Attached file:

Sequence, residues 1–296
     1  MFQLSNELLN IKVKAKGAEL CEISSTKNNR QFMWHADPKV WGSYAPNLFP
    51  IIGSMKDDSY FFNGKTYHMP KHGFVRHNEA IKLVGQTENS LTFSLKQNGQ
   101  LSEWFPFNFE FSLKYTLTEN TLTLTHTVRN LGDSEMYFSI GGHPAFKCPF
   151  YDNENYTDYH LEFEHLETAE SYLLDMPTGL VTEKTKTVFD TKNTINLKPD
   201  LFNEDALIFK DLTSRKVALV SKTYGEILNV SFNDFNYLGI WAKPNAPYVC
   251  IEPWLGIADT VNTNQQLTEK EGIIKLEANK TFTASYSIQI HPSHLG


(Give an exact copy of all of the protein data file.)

Sequence, residues 1–296
     1  MFQLSNELLN IKVKAKGAEL CEISSTKNNR QFMWHADPKV WGSYAPNLFP
    51  IIGSMKDDSY FFNGKTYHMP KHGFVRHNEA IKLVGQTENS LTFSLKQNGQ
   101  LSEWFPFNFE FSLKYTLTEN TLTLTHTVRN LGDSEMYFSI GGHPAFKCPF
   151  YDNENYTDYH LEFEHLETAE SYLLDMPTGL VTEKTKTVFD TKNTINLKPD
   201  LFNEDALIFK DLTSRKVALV SKTYGEILNV SFNDFNYLGI WAKPNAPYVC
   251  IEPWLGIADT VNTNQQLTEK EGIIKLEANK TFTASYSIQI HPSHLG